After dabbling in virtual reality with Google Cardboard for the last few years, at I/O 2016 Google finally revealed a comprehensive plan for the emerging technology.
Daydream, a software platform built into Android N, the Mountain View, California-based company’s upcoming mobile OS update, as well as a “reference design” for Samsung Gear VR-like low-cost virtual reality headsets, combine to create Google’s vision for the future of accessible virtual reality. However, it looks like it will be a few months until the platform rolls out, with a November 2016 launch date currently set for Daydream devices and software.
China-based NetEase, one of Daydream’s early partners, recently stated that it plans to release its upcoming VR title Twilight Pioneers at the same time as Daydream, specifically citing a November 2016 release date.
“NetEase will premiere Twilight Pioneers concurrent with the launch of Daydream,” reads a statement from the developer. Furthermore, Clay Bavor, Google’s vice president of virtual reality, stated that Daydream will be available in “fall of this year,” during I/O 2016’s keynote.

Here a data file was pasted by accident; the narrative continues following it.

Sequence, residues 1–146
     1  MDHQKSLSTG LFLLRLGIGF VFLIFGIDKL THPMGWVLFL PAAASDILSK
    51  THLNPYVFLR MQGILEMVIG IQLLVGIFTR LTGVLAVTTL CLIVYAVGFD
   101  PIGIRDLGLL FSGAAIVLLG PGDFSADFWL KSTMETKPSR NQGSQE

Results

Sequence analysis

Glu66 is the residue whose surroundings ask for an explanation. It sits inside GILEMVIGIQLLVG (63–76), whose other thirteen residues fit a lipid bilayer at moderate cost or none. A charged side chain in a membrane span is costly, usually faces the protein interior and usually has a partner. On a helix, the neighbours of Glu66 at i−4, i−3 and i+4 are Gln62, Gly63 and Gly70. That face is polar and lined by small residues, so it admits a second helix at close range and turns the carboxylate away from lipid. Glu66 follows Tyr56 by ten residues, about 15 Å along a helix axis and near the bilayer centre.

A variety of developers, including CCP Games, the creators of Gunjack for the Gear VR and Eve Valkyrie on the Oculus Rift, Electronic Arts, one of the gaming industry’s largest video game developers, as well as various movie and television content providers, have signed on to create content for Daydream. It’s likely, however, that Canadians won’t get access to the VR version of HBO Now and Hulu, two video streaming platforms that have yet to make their way to Canada (and probably never will).
Canadian developer MinorityVR also revealed that it plans to be one of the first developers to release software for Google’s Daydream. The sister studio of award wining Montreal-based Minority Media plans to release LifeLineVR.
Related reading: Google’s new Allo app wants to turn us all into chat bots